* @param taskName The description of the task to be added
*/
public void addTask(String taskName) {
    this.tasks.add(taskName);
}

The important thing to notice here is that the addTask method only needs one argument: the string to be added. Since the actual list is stored as a field named tasks, it is directly accessible from the method.

Let's look more closely at the one line of code inside the body of the method:  this.tasks.add(task);

  1. this is the reference to the object that will be created from the class. 

  2. tasks is the field that stores the tasks as a list.

  3. add is a method provided by the ArrayList class that adds the value of the task variable at the end of the list.

As you saw in the constructor case, this.tasks.add(task); really means "call the add method of the tasks field of the this reference."

You now understand why the myTodoList.addTask("Wake up"); statement added the first task of the day to your to-do list in the main method of your program. Let's now see how the second method, display(), is implemented.

Implement the display method

In order to visualize the content of a list, it is necessary to browse through all the elements of the list and display them, element by element. Here is the code:

/** display displays the topic of the list
 * and each task order and description 
 */
public void display() {
    if(this.tasks.size()==0){
        System.out.println("Our Todo List for " + topic + "is currently empty!");
    }else {
        System.out.println("Here is our Todo List for " + topic);
        for(int i=0;i<this.tasks.size();i++) {
            System.out.println("Task " + i + " is " + this.tasks.get(i));
        }
    }
}

Let's break this down:

  • Since the method is public, start with a Javadoc comment between  /** and */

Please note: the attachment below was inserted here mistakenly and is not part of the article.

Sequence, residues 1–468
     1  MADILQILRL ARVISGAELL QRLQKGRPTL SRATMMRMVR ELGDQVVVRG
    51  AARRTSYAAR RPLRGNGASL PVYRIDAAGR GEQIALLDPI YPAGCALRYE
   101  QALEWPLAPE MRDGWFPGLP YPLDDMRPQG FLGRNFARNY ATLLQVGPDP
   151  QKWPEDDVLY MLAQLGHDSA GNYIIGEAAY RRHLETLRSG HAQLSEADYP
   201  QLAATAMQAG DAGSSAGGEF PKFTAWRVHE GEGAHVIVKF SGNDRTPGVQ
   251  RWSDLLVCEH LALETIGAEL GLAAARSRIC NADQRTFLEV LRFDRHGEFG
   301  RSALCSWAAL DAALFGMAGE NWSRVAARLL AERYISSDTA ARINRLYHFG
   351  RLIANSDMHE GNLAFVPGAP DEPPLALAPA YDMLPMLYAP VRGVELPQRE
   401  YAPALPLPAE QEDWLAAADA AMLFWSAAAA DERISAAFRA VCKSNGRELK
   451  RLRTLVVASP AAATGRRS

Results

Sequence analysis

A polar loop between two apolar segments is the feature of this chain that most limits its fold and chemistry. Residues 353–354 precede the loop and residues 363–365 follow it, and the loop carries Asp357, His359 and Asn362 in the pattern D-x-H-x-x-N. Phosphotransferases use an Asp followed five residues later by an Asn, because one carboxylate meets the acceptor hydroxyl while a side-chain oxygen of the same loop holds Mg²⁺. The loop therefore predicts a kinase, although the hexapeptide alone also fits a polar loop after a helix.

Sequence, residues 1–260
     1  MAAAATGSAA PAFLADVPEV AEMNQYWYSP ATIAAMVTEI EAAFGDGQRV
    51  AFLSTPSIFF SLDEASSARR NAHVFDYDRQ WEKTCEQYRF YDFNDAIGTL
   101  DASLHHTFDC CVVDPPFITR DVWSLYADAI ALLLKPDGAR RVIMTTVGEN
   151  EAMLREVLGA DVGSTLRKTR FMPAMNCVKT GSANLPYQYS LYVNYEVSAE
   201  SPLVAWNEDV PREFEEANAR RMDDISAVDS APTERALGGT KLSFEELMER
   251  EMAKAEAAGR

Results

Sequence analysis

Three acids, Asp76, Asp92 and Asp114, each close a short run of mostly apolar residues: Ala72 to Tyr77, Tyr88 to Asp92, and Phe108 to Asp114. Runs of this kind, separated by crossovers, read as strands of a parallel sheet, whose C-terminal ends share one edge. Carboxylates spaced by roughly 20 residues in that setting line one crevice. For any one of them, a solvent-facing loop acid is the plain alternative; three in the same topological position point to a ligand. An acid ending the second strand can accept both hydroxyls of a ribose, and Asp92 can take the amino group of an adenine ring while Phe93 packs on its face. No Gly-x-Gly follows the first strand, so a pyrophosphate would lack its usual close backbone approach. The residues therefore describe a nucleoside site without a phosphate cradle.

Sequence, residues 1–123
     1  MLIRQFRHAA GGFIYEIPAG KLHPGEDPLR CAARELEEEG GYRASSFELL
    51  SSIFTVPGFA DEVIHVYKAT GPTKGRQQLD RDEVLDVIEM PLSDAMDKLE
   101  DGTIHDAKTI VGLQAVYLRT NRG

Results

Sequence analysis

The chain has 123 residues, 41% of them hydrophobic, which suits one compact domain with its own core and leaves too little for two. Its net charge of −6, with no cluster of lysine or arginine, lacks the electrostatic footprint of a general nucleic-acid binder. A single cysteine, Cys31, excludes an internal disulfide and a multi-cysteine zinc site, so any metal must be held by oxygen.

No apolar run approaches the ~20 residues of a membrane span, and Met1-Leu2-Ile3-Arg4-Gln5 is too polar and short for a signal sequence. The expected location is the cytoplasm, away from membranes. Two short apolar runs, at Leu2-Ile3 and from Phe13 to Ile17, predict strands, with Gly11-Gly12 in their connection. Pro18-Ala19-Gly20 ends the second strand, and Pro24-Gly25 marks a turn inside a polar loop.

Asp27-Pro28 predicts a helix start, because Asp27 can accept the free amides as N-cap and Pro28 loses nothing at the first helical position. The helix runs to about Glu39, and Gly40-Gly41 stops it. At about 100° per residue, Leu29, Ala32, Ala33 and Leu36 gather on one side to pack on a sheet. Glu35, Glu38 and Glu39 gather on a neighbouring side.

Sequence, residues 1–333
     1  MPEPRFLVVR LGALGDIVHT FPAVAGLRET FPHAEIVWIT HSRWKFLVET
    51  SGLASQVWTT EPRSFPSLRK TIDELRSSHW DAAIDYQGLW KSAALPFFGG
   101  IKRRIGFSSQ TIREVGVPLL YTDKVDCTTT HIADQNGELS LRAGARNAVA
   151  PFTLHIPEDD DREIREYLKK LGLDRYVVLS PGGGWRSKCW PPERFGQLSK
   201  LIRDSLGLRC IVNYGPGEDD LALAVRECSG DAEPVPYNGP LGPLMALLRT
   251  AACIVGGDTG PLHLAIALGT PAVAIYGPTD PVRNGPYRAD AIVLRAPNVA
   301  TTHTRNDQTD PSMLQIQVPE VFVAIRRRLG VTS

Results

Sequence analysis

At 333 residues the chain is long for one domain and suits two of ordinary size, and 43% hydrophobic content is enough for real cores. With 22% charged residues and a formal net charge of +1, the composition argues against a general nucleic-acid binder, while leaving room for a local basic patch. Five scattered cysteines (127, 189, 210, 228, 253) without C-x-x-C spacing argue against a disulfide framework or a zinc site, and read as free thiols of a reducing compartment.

• The signature of the method is  public void display(). It does not define parameters as all its work will be performed in the fields.

  • Inside the method, start by testing if the list is empty with if(this.tasks.size()==0){

  • If it is, only display the topic of the to-do list:  System.out.println("Our Todo List for " + topic + "is currently empty!");

  • Else, you loop through the list to print its content item by item:

System.out.println("Here is our Todo List for " + topic);
for(int i=0;i<this.tasks.size();i++) {
    System.out.println("Task " + i + " is " + this.tasks.get(i));
}

That's it! Do not hesitate to take another look at the chapter on loops if you're not entirely clear.

Did you notice, when you studied your main method at the beginning of this chapter, that the list for your example started with a weird "Task 0" as the first task ? To refresh your memory, here is what we printed after adding the four tasks.

Here is our Todo List for My morning routine:
Task 0 is Wake up
Task 1 is Shower
Task 2 is Have breakfast
Task 3 is Go to work

Now you have two operations implemented for your class: add, and display. Let's now move on to the removeTask method.

Implement the removeTask method

If you were working with an array instead of a list, you would have to write complex code to shift the items located after the item to be removed in order to overwrite it.